Meliconi Gumbody Light Digital 6 review

Forsakes high-end smarts for ease of use and value for money

Its button arrangement is logically labelled and arranged, but suffers from having a few too many similarly sized pads

TechRadar Verdict

Missing some of the more advances features, but it works well and is easy to set up


  • +

    Easy to program




  • -

    Some build issues

    No online mode for updates

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Meliconi may not be that well-known a brand here, but it claims to have produced Europe's first universal remote control in 1992.

This 6-in-1 controller sits at the lower end of its current range and has a build quality to suit its budget intentions. It's weighty and easy to grip but its anti-shock rubberised backing feels clammy in the hand.

Its button arrangement is logically labelled and arranged, but suffers from having a few too many similarly sized pads - which can be a little counter-intuitive - especially in the dark, even when making use of the orange backlight. Still, each is responsive enough and there's a button for almost every function you could need, including dedicated Box Office and Sky buttons for Sky users.

It's powered by two AA batteries and a small piece of paper glued to the inside the battery compartment can be used to note down the remote codes for your equipment.

Don't expect to find such luxuries as internet-updateable code databases at this price. There is, however, an extensive printed list of codes included for most manufacturers, including some of the more obscure brands out there.

The easiest way to assume control of a device is to pick from one of the corresponding buttons for device type: TV, Sat, VCR, Aux, Terr, DVD, hold it down for five seconds until it flashes, then enter the remote code and jab the play or power buttons until the target device responds. Programming it for Sky Plus control requires entering separate codes for the box and its PVR functions.

If you don't have the code you need the Light 6 can learn it from the device's remote control. If the latter has a feature not covered by the Light 6 it can learn this too and map it to one of the four function keys. It can be used even to control an iPod (presumably when docked with your hi-fi, not in your pocket).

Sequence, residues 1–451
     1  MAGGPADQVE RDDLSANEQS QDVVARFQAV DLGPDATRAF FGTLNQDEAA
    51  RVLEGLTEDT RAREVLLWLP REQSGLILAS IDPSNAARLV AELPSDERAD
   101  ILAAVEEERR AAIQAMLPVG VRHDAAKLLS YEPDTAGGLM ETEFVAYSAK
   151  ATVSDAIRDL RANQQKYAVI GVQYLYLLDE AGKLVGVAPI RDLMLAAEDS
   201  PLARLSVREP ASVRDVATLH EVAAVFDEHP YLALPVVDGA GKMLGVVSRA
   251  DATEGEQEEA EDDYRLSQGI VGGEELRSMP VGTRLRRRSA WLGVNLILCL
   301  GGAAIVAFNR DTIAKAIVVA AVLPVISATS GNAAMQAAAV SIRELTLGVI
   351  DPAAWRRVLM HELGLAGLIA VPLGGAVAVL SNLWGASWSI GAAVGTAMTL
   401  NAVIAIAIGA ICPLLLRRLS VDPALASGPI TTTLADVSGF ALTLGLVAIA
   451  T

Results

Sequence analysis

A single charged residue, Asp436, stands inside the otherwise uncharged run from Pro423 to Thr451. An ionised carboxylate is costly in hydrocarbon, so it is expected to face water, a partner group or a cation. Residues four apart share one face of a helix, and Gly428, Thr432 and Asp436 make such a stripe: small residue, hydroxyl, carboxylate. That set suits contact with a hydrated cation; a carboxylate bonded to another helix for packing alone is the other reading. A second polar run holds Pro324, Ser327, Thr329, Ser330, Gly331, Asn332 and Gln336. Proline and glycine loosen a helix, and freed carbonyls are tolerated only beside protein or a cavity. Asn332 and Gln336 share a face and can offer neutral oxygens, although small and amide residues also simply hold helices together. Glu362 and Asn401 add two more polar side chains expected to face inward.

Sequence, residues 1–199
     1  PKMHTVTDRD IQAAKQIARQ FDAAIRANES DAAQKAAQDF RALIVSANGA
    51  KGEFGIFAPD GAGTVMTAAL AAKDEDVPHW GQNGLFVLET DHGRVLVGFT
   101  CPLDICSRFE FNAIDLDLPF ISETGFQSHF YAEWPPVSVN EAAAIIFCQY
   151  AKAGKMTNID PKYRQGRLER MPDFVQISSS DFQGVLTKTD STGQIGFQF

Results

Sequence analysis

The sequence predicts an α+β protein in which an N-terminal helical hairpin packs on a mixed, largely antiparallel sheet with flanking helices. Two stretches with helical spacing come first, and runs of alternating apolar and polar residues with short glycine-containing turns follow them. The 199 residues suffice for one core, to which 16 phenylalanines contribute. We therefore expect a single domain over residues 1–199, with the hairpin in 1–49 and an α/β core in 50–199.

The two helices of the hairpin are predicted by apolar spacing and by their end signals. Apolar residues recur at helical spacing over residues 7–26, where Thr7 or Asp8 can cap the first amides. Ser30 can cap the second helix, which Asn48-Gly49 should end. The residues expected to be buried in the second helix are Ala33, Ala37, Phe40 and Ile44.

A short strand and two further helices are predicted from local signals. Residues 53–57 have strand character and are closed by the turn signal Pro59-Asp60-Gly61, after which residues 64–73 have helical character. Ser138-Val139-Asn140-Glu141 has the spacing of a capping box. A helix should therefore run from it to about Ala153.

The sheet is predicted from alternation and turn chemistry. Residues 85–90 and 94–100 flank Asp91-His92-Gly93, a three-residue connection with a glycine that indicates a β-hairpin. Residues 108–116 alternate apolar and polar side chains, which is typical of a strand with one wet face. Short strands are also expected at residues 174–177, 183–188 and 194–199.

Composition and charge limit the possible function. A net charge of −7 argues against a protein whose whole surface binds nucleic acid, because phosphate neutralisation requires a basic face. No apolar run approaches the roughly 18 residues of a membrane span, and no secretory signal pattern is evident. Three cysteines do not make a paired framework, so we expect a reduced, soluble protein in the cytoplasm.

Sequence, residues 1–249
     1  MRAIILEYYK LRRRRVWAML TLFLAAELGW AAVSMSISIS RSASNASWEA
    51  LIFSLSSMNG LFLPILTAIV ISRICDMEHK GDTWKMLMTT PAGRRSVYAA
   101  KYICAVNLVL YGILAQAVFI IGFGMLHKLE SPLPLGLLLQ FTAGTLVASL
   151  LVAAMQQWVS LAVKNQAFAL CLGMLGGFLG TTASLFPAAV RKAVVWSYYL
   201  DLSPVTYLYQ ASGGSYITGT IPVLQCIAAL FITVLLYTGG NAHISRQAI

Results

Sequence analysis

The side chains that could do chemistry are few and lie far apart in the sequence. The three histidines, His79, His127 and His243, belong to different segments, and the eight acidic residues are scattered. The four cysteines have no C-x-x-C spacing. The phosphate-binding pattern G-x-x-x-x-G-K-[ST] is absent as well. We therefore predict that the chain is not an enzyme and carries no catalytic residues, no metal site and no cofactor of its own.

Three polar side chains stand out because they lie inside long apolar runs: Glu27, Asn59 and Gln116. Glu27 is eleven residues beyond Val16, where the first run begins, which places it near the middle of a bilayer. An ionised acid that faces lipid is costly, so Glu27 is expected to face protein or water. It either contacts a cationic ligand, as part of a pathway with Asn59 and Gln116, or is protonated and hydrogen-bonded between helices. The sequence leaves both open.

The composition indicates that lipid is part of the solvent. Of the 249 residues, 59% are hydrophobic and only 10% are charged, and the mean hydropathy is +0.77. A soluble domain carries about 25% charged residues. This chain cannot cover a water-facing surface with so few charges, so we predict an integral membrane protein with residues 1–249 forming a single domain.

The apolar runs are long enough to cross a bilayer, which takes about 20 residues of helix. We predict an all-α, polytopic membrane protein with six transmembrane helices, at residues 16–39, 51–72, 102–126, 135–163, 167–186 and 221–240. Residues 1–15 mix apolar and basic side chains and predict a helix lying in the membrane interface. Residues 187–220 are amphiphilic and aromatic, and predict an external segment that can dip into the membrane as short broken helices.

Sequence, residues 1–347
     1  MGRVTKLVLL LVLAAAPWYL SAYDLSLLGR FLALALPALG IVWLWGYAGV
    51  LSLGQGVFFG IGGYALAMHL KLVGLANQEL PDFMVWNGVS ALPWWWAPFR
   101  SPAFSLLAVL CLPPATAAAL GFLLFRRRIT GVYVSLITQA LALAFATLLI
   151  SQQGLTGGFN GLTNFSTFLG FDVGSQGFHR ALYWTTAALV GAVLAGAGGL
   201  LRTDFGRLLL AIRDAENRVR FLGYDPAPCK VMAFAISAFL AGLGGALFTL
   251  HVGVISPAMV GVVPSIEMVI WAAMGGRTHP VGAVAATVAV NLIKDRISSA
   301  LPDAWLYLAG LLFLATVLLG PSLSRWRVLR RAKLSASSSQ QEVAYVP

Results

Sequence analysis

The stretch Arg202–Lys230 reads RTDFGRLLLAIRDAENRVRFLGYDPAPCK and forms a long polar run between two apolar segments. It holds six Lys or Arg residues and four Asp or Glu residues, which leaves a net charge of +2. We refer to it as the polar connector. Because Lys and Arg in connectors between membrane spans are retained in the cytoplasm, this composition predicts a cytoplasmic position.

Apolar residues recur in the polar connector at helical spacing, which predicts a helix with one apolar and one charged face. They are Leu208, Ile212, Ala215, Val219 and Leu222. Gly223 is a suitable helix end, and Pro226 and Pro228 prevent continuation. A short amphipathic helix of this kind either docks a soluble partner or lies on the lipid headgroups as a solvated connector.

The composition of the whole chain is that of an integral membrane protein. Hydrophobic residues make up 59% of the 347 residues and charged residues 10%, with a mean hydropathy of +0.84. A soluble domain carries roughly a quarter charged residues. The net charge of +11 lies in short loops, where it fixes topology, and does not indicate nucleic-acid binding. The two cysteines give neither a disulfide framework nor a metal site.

Aside from not having to juggle five remotes at a time, the other benefit common to many universal remote controls is the ability to define 'macros' - a selection of automatic key presses that will, say, turn on your TV and sat receiver and switch to your favourite channel.

Details on how to set up this feature are strangely omitted from the printed instructions but are covered in the supplied instruction CD. Up to 85 macros (here called 'MEMOS') can be created and assigned to a single button with a limit of up to 32 button presses for each. These are retained in the remote's memory even if the batteries need changing.

It may not have the hi-tech smarts of a Harmony or high-end One For All controller, but the Light 6 is easy to program and performs effectively on all fronts, making it a compelling reason to consign most of your other remotes to a drawer for a more minimal AV life. was the former name of Its staff were at the forefront of the digital publishing revolution, and spearheaded the move to bring consumer technology journalism to its natural home – online. Many of the current TechRadar staff started life a staff writer, covering everything from the emerging smartphone market to the evolving market of personal computers. Think of it as the building blocks of the TechRadar you love today.